Zynga is the world's largest social games maker, but has shed almost three-quarters its market value since its IPO.
Mike Hickey, an analyst at National Alliance Securities, who has covered the gaming business for about eight years told Rueters that the executive departures are spreading like wildfire at Zynga and he had not seen anything like it. The company tried to keep its staff after its shares had already slumped a lot. The company said in a regulatory filing that it was setting aside more stock for employee compensation to encourage staff to stick around by replacing under-water stock options with new, lower-priced equity awards.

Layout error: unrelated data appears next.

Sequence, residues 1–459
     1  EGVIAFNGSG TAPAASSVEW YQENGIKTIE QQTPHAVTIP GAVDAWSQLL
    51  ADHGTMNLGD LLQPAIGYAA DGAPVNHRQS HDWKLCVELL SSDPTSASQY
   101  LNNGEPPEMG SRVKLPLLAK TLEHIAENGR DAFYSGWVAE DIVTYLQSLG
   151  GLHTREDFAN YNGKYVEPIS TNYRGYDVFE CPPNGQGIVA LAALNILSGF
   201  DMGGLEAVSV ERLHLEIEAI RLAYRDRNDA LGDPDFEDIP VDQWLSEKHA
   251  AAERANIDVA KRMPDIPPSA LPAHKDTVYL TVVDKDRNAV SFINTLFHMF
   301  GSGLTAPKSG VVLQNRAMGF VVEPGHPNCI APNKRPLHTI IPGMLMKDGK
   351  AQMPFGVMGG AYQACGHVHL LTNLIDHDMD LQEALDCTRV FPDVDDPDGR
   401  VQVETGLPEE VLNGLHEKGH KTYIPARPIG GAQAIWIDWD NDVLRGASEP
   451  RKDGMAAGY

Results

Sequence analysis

It did not work and it seems that employees are suffering from a bad case of the dooms. Zynga is also struggling to staunch growing losses of users. It reported a surprise net loss for its second quarter and cut its full-year earnings per share forecast. Shareholders promptly sued the company.
The company said that its poor quarter was the result of sudden changes to Facebook's algorithm and delays in its pipeline of new titles.